I’m cheating with the photo. I worried all my village pictures hadn’t turned out so am making do with an autumnal shot of the barn garden instead.
It has been well and truly planted up with its underground magic supply of bulbs.
As has the village. Two days after Lisa and Antoine left (leaving behind a marvellous stock of sweet wine, foie gras, and quinces) I seem to be spending all my time at the village planting up and plunging in.
At least I have the most elegant picnic to enjoy in between bouts of weeding. Actually I didn’t bring the wine with me. Although it is divine, I did wonder whether being found swigging from a rather good sweet dessert wine that close to a church was a hanging offence.
The state of the plants are pretty dreadful. (As are the photos.)
Neglect about covers it. But I took my mighty mattock to the problem and had the dying anamanthele lessonia grasses up and the weeds removed in one brisk afternoon.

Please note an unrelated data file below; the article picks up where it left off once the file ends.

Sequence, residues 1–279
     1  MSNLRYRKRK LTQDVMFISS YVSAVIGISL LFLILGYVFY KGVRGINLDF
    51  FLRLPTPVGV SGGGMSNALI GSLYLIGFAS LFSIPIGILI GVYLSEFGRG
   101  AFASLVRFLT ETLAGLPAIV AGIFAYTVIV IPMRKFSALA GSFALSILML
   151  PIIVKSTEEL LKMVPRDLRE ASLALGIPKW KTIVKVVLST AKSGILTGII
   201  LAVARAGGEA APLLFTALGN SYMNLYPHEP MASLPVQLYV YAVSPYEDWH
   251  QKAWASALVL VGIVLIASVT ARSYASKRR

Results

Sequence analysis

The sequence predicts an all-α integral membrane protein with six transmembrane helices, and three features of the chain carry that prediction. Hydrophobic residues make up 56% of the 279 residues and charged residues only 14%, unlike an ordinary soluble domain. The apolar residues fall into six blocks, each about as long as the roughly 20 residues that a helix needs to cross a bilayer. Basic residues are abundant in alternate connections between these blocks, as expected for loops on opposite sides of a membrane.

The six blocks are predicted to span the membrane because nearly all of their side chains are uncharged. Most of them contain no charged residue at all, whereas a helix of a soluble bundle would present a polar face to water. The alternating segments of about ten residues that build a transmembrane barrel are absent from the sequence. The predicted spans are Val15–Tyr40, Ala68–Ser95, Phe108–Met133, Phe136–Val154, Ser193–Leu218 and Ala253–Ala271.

I had forgotten that the village gets the full blast of the mistral wind. I was freezing crouched over the strip of land between the car park and the church.
Then it was a ‘simple’ matter of replanting the area with 30 of my better eragrostis curvula grasses (hardier by far) and then seeding the whole sorry mess with February Gold daffodil bulbs and zillions of grape hyacinths – muscari armeniacum.
I know I need to mulch the entire area. But that can wait. The plants are in, so my halo is shining.
And now I can get back to the fun stuff of bulb planting in my garden. Only 1000 to go.
Have a poached quince: breakfast of champion gourmands. You don’t get the shot of a huge dollop of proper crème fraîche (d’Isigny) over the top. I’m pretending it’s sensible yoghurt, but really. Crème fraîche is just so, so much better.
Sets you up for a day of planting.